With over twenty years of experience as a professional actor and independent theatre producer, Dr. Jason C. White is well aware of the unique challenges and barriers that many artists, administrators and technical creative workers face when attempting to produce, exhibit, distribute, sustain and legitimize works of art. Through a combination of research, teaching and service, he will work with students to address arts management issues, co-identify solutions to common challenges in art fields, and co-develop new opportunity structures in arts sectors. In doing so, students will be better prepared for the practice of arts management and arts entrepreneurship.

Recently at The Ohio State University, White completed his dissertation research study, The State of Entrepreneurship Across the Ohio Arts Sector. He is also a published author in the “Journal of Arts Entrepreneurship Education”, “Artivate: A Journal of Entrepreneurship in the Arts”, and “Arts Education Policy Review”. In addition, White is a founding member of the Society for Arts Entrepreneurship Education (SAEE), and serves as an Assistant Editor for the “Journal of Arts Entrepreneurship Research” and as an Assistant Editor for the “Journal of Arts Entrepreneurship Education”. Prior to receiving his Ph.D. in Arts Administration, Education and Policy from The Ohio State University, White attended The University of Akron, obtaining both a Master of Arts (MA) degree in Arts Administration, and a Master in Education (M.Ed.) degree in Assessment and Evaluation.  He received a Bachelor of Arts (BA) degree in Acting from the California Institute of the Arts.

White’s lecture is titled “The State of Entrepreneurship Across the Arts Sector.” His talk will focus on findings from his doctoral dissertation on arts entrepreneurship where he conducted surveys and interviews with owners and founders of 115 arts organizations in Ohio to determine demographic information, shared characteristics and experiences, and venture trends over the last fifteen years within distinct arts fields. Through research at the College of Charleston, White intends to utilize his framework to better understand the nature of both arts entrepreneurship and arts entrepreneurs across the South Carolina arts sector.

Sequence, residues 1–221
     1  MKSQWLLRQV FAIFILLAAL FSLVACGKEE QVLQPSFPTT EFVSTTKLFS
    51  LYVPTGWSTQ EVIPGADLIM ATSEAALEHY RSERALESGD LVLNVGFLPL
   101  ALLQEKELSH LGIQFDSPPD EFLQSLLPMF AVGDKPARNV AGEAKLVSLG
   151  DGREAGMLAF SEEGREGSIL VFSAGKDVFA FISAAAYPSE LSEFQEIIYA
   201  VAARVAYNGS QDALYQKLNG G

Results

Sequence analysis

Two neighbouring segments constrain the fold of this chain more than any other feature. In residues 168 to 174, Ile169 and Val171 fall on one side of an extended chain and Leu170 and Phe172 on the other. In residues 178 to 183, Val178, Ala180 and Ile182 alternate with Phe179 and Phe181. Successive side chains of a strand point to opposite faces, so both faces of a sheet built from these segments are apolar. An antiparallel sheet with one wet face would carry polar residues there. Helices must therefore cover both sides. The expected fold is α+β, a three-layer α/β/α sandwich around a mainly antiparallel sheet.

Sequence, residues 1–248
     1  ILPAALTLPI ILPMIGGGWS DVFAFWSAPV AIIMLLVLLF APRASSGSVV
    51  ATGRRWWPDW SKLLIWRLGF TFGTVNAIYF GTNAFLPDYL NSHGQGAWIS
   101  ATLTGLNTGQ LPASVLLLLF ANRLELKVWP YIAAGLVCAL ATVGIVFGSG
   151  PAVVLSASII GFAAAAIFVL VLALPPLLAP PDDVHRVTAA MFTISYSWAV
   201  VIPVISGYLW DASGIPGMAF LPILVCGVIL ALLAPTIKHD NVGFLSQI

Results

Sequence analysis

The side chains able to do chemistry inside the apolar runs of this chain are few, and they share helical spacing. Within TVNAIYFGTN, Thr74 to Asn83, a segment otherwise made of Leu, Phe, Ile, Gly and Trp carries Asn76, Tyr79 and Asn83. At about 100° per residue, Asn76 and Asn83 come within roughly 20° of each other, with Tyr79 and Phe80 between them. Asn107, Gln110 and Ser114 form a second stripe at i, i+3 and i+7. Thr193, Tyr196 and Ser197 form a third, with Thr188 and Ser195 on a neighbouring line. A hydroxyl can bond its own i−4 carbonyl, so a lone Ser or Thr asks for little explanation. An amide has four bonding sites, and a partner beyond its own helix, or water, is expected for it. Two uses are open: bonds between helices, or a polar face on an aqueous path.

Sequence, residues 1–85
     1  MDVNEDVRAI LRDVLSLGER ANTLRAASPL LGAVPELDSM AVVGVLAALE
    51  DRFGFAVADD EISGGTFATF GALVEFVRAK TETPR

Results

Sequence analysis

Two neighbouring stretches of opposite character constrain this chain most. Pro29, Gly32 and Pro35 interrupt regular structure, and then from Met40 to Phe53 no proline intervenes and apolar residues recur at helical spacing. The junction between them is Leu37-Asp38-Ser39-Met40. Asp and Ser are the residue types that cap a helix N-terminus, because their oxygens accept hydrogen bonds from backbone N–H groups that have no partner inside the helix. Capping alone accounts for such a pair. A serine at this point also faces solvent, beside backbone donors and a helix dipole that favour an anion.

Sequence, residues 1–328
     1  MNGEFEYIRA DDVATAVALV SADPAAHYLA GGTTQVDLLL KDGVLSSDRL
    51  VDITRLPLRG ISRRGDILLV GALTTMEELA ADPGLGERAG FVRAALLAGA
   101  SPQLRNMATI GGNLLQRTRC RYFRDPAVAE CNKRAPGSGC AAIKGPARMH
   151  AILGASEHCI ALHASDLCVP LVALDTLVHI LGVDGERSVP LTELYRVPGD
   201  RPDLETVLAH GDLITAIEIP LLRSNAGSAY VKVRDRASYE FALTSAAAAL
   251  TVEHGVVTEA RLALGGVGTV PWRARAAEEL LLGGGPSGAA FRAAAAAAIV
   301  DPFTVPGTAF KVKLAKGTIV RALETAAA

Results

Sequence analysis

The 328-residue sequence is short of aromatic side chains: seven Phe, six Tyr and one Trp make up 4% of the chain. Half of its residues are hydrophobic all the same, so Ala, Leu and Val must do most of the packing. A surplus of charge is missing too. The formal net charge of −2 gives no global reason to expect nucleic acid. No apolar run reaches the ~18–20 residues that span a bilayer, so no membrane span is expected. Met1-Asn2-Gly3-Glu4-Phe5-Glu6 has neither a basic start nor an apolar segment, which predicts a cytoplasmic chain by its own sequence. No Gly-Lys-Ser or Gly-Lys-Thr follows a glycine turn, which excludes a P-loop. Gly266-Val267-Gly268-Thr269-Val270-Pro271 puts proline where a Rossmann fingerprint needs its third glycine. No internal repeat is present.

Jonathan Katz, former CEO of the National Assembly of State Art Agencies, visited the College’s campus during the spring 2014 semester and expressed his opinion of the Arts Management Program as “one of the best, if not the best in the nation…this program is outstanding!  …I have never seen another undergraduate program as impressive, and I congratulate the Arts Management faculty, staff and students on their tremendous success.”

Who should consider the major or minor in arts management? Students who are interested in Art History, Studio Art, Theatre, Dance and Music who wish to combine work in an artistic discipline with management and administrative skills are good candidates, as well as artists who wish to combine their artistic work with management and administrative skills. Additionally students interested in Business, Economics, and Communications who wish to broaden their career choices may be interested in a minor or double major. Finally managers, employees, directors and volunteers currently working with arts and cultural organizations who wish to become more effective at managing those organizations, are good candidates for our undergraduate or graduate offerings in arts management.

For more information on the program offerings of the Arts Management Program and for details on the May 28 public lectures of Drs. Keeney and White, visit (artsmgmt.cofc.edu) or call 843/953-6301.